American Foreign Policy and U.S. Relations with Russia and China after 11 September

By Gladkyy, Oleksandr | World Affairs, Summer 2003 | Go to article overview

American Foreign Policy and U.S. Relations with Russia and China after 11 September


Gladkyy, Oleksandr, World Affairs


The White House's "National Security Strategy for a New Century" names three categories of American national interests. (1) The first is vital interests, which include the physical security of American territory, the safety of American citizens, the economic well-being of American society, and the protection of critical infrastructures (energy, banking, telecommunication, transportation) from paralyzing attacks. According to the security strategy, to defend vital interests, troops "might be used unilaterally and decisively." The second category consists of important national interests that do not affect national survival but do influence national well-being. For instance, protection of the global environment, elimination of crises in the regions where American interests are the greatest, prevention of refugee flows, and commitment to allies are in this category. The third category includes humanitarian and other interests, whose basis is American values. These interests include responding to natural disasters, promoting human rights, and supporting democratization and the rule of law.

It is evident that the 11 September terrorist attacks, which killed more than three thousand innocent civilians on American soil, shaped the most important category of U.S. interests: vital interests. (2) As a result, we can see changes in U.S. domestic and foreign policies that emphasize U.S. security. President George W. Bush has declared that "[t]he Government of the United States has no more important mission than (1) fighting terrorism overseas and (2) securing the homeland from future terrorist attacks." (3) The United States today pays major attention to security, implementing both domestic and foreign policies to protect U.S. citizens from possible attacks by terrorists and rogue states armed with weapons of mass destruction (WMD).

The Department of Defense, Central Intelligence Agency, Federal Bureau of Investigation, and the recently established Office of Homeland Security and Department for Homeland Security are the main agencies that protect Americans through enforcement of domestic policy. The Office of Homeland Security, whose mission is "to develop and coordinate the implementation of a comprehensive national strategy to secure the United States from terrorist threats or attacks," was established by the president's order in October 2001. (4) The Homeland Security Act of 2002 created the Department for Homeland Security in January 2002 to prevent terrorist attacks within the United States, reduce the vulnerability of the United States to terrorism at home, and minimize the damage and assist in the recovery from any attacks that may occur. (5) Furthermore, $37.7 billion was devoted to homeland security in the proposed 2003 budget, twice the amount that has been dedicated to this type of security in the past. Twenty-eight percent of that money is to be spent for securing U.S. borders, 18 percent for funding outside initiatives by the Department of Defense, 16 percent for defending against biological terrorism, and 13 percent for ensuring aviation security. (6)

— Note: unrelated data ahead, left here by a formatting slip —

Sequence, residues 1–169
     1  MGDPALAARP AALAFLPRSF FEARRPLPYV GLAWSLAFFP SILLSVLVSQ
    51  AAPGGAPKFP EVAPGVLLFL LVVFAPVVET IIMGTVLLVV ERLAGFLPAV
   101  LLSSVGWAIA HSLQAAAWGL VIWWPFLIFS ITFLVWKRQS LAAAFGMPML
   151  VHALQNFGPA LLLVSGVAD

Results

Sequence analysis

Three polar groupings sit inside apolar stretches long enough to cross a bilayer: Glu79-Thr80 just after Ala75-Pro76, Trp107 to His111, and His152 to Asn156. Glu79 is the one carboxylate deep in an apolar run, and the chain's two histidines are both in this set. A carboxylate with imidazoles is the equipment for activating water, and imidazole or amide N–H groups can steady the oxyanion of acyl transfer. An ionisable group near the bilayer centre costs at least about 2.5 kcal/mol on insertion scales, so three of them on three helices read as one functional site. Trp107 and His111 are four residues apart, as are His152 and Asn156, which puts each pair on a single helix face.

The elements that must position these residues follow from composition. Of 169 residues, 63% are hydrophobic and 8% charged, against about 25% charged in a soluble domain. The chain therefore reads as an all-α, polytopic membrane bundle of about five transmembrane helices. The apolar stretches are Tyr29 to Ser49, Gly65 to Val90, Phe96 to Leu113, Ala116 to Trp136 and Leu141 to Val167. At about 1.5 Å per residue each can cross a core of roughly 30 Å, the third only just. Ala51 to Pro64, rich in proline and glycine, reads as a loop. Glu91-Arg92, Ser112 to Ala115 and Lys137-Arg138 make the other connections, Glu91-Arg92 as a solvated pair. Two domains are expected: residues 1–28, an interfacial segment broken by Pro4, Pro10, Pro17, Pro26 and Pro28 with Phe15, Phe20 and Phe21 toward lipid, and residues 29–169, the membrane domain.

The U.S. State Department is the main institution that protects American citizens through foreign policy, by creating the antiterrorist coalition, facilitating cooperation with important allies in the war against international terrorism, and cooperating with the United Nations to disarm rogue states. The change in U.S. national interest in security after 11 September has also affected U.S. foreign policy. The Department of Defense's new strategy for America's defense is just one of the tools through which the change has been implemented. The strategy's premise is that America, to be effective abroad, must be safe at home. (7) That denotes the dominance of security issues in American foreign policy. At the same time, U.S. defense policy will not overshadow foreign policy because "the nation can be safe at home only if it is willing and able to contribute to effective security partnerships abroad. …

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